Leo also has Special Educational Needs and is being assessed for autism. Both children are in mainstream school with extra support.

In 2019, Robyn’s stepfather Chris Horton set up a charity called Leo’s Mission to raise money for XLH UK charitable trust and spread awareness of the rare disease.

Eva is recovering from having surgery to her skull

“Chris is in a band and the band wanted to do something for charity. He told them about us and they were all nearly in tears. We thought they’d raise £100 or so, but we’ve done quite a few fund-raisers since then and Leo’s Mission has raised more than £3,000 to raise awareness of XLH but for more research.”

“Before we started this Facebook page in 2019, nobody had ever heard of it,” says Chris,

“It means a lot to us because the more people we can get to be aware of this disease, the more diagnoses there will be.”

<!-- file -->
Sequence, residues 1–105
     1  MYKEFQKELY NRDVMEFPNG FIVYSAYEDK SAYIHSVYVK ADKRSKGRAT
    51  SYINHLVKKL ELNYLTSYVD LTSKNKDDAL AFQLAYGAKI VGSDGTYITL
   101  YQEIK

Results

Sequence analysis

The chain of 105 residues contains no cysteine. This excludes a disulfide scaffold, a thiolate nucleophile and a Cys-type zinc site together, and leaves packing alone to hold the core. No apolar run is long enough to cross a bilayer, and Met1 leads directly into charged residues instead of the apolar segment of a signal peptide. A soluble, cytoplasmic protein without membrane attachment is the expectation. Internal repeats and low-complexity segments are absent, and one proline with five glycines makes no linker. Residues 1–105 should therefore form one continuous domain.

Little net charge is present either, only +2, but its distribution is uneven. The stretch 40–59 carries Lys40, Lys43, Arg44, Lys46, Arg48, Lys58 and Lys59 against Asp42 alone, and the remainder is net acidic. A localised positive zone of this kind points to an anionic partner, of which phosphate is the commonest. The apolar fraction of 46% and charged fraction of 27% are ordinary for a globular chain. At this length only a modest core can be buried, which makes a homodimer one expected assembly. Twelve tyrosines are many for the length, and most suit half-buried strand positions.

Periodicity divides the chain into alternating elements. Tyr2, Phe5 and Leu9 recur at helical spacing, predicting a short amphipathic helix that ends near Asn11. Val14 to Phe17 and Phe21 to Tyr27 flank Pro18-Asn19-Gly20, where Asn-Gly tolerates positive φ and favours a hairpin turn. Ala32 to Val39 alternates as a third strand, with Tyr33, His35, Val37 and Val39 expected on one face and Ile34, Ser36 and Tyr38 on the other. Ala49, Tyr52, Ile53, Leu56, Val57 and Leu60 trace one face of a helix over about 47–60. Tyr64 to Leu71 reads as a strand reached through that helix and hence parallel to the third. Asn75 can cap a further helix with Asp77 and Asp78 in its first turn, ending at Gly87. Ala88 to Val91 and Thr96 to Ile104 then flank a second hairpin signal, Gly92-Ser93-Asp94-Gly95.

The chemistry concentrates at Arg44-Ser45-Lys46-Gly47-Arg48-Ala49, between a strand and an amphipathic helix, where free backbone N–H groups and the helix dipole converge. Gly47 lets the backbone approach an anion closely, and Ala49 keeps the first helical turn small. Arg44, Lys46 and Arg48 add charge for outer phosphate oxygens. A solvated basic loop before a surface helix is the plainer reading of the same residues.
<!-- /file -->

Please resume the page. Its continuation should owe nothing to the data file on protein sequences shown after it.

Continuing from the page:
It had been thought that one in 20,000 had XLH but it more research has found that figure is likely to be more like one in 100,000.

“XLH UK and their Facebook group have really helped me,” says Robyn. “To talk to people with the same condition as me just stops you feeling so alone.”

Robyn says she is lucky that she lives quite close to Sheffield which is one of just 10 centre in the UK that treats XLH.

“I have to go to hospital every six months and the children every two to four months. It’s a lot of appointments as there are other things that XLH can lead to.” Robyn is in constant pain

due to her condition which

she says does affect her metal health.

“The children do suffer pain in their legs but on the whole they are happy children. They don’t know any different.”

Chris and Robyn will be doing a bucket collection on Friday December 10 at the Barnsley Alhambra Centre and the mayor of Barnsley will be attending to help raise awareness.

For more information visit xlhuk.org

Leo and Eva Sharpe suffer the same genetic condition as their mum Robyn